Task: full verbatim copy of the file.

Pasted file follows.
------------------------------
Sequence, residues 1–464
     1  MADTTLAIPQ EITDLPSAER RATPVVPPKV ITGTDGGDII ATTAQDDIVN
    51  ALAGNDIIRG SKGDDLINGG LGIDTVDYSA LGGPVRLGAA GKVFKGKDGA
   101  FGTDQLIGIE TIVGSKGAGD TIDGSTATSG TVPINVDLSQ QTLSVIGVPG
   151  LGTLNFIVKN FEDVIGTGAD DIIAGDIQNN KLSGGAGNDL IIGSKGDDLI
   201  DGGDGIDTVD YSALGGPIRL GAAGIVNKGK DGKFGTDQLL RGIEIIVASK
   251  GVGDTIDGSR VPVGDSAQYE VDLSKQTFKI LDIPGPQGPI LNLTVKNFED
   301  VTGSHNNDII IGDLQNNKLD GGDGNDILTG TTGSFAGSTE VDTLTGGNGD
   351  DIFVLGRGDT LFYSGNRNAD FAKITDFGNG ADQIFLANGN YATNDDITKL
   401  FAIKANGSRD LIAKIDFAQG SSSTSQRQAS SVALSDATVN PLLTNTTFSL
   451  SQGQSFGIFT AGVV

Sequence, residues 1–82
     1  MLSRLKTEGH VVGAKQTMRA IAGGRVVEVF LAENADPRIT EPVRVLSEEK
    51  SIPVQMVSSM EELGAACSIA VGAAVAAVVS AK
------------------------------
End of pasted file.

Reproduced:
Sequence, residues 1–464
     1  MADTTLAIPQ EITDLPSAER RATPVVPPKV ITGTDGGDII ATTAQDDIVN
    51  ALAGNDIIRG SKGDDLINGG LGIDTVDYSA LGGPVRLGAA GKVFKGKDGA
   101  FGTDQLIGIE TIVGSKGAGD TIDGSTATSG TVPINVDLSQ QTLSVIGVPG
   151  LGTLNFIVKN FEDVIGTGAD DIIAGDIQNN KLSGGAGNDL IIGSKGDDLI
   201  DGGDGIDTVD YSALGGPIRL GAAGIVNKGK DGKFGTDQLL RGIEIIVASK
   251  GVGDTIDGSR VPVGDSAQYE VDLSKQTFKI LDIPGPQGPI LNLTVKNFED
   301  VTGSHNNDII IGDLQNNKLD GGDGNDILTG TTGSFAGSTE VDTLTGGNGD
   351  DIFVLGRGDT LFYSGNRNAD FAKITDFGNG ADQIFLANGN YATNDDITKL
   401  FAIKANGSRD LIAKIDFAQG SSSTSQRQAS SVALSDATVN PLLTNTTFSL
   451  SQGQSFGIFT AGVV

Sequence, residues 1–82
     1  MLSRLKTEGH VVGAKQTMRA IAGGRVVEVF LAENADPRIT EPVRVLSEEK
    51  SIPVQMVSSM EELGAACSIA VGAAVAAVVS AK